I never used to care much for the weather forecast.
As a lad, I just used to take a look outside and throw on what seemed like the appropriate clothing. Or did as I was told. Sometimes it was judged right, other days not so. But I never really gave much thought to taking any notice of the weather forecast.
As I became increasingly interested in cycling, first mountain biking and then later road riding, I came to realise the importance of the weather forecast. Out of short trousers and into the real world I came to realise that the people of this small, fair island have an obsession with the weather forecast.
Sometimes the forecasters get it right. Often they’re completely off the mark. They get a lot of stick when they do get it wrong, and there’s several infamous examples in the history of broadcasting that prove just how much faith we put into the predictions of the forecast.
I realise today, that the words of the weatherperson are words I take very seriously. As a cyclist, knowing what the weather is going to do is imperative to clothing right for a ride. What’s the temperature going to be when you’re out on the bike? How strong will the wind be? Is there a chance of rain? These are the all-important bits of information that a seasoned cyclist uses to help make the right clothing decision before leaving home for the country roads that are our personal pilgrimage.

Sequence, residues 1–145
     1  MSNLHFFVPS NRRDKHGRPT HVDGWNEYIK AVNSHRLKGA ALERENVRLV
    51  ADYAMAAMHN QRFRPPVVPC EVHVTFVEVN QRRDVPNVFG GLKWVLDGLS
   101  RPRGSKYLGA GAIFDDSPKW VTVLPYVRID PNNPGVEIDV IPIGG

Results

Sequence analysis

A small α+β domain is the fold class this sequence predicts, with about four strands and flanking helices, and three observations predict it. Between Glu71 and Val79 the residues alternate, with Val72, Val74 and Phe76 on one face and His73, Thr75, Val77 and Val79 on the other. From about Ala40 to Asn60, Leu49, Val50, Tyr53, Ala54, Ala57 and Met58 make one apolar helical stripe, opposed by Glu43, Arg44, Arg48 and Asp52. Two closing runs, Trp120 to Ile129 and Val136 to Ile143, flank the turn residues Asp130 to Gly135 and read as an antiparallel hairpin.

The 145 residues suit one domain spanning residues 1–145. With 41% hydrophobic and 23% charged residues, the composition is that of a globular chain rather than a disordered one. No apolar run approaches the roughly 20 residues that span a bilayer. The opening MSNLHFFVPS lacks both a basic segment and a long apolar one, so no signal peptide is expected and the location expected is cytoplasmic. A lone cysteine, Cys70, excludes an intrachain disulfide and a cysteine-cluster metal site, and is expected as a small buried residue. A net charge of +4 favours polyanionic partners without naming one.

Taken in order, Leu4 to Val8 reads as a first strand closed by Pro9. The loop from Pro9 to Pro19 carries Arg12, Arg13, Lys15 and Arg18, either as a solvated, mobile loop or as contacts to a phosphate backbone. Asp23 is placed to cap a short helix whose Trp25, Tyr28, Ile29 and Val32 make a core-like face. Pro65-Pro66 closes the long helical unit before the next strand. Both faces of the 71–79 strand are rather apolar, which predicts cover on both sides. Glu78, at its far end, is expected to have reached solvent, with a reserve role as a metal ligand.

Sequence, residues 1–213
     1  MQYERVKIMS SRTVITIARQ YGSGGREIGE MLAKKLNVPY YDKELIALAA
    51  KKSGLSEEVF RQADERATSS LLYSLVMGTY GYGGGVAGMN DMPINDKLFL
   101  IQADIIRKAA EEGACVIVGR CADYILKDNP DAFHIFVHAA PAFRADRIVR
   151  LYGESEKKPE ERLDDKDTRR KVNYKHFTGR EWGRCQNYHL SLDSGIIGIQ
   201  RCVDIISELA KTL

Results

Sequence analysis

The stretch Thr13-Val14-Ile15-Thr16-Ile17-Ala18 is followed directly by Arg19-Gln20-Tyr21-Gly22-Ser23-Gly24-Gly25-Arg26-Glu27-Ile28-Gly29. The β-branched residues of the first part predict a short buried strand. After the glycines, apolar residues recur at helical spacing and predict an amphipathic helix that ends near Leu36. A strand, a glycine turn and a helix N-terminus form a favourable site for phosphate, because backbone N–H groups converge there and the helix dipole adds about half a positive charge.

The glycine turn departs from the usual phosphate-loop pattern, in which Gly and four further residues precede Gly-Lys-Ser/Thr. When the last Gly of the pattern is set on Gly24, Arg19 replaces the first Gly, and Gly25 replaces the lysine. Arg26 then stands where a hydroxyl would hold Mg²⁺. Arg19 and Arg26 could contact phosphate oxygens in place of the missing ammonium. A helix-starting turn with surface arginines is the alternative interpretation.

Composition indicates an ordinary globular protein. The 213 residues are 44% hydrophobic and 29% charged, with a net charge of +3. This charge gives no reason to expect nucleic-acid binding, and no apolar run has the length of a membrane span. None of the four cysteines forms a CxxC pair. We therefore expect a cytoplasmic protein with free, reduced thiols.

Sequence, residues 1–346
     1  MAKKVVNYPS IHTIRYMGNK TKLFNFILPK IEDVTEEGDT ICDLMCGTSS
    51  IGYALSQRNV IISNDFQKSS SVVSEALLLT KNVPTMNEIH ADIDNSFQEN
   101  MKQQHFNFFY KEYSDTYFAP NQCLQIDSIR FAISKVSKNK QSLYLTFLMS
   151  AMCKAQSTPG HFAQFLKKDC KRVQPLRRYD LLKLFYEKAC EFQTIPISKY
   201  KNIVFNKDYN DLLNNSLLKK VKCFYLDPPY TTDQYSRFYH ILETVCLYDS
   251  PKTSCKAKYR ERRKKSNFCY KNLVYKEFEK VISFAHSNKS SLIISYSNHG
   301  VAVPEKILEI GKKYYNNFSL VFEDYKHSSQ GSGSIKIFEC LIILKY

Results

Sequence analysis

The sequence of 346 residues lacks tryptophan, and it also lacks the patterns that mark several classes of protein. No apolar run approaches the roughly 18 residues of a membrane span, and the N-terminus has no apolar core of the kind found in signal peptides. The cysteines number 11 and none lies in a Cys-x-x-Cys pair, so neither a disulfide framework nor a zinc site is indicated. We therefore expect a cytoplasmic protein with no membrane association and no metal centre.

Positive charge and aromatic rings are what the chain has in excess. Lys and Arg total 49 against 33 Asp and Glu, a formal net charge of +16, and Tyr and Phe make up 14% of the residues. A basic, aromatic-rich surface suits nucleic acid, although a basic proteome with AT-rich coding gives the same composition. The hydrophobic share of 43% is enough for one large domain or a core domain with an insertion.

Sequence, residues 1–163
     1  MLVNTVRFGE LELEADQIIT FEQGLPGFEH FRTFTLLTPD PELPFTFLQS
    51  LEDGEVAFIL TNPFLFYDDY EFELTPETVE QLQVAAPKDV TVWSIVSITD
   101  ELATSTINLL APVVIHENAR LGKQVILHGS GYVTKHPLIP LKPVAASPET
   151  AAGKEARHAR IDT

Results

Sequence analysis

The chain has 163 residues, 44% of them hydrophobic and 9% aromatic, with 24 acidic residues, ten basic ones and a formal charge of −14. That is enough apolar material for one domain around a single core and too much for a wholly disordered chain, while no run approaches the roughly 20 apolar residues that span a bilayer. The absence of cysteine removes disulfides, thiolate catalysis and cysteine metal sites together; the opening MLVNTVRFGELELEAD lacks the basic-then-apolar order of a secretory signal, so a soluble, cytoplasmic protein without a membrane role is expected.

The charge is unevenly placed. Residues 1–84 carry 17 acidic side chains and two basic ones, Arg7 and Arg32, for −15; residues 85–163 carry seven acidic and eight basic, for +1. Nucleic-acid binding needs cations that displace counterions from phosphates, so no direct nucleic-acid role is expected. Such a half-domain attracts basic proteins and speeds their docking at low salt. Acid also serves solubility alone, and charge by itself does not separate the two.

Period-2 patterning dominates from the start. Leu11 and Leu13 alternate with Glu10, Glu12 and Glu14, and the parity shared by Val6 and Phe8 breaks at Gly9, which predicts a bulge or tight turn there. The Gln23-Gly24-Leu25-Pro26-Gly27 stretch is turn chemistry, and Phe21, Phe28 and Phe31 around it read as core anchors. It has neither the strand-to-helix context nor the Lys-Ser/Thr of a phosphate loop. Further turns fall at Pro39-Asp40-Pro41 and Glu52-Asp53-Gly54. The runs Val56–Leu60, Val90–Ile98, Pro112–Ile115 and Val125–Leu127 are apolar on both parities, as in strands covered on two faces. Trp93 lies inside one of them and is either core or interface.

The art is to use the information from the forecaster to make the best clothing decisions. It can be hit and miss. Experience at knowing the best combination from the many available variables helps here. Sometimes the forecast won’t turn out to be accurate, but this is out of your control.
But without the weather forecasters working tirelessly on our behalf, where would we be? Overheated or underprepared is where. We’d have to carry more clothing in our pockets, just in case. There would be a lot more risk; some may take the gamble of wearing less, but run the chance of getting caught cold. Others layer up, then sweat profusely and have to stop to remove one or more.
No ride, therefore, can begin without a look at the weather forecast.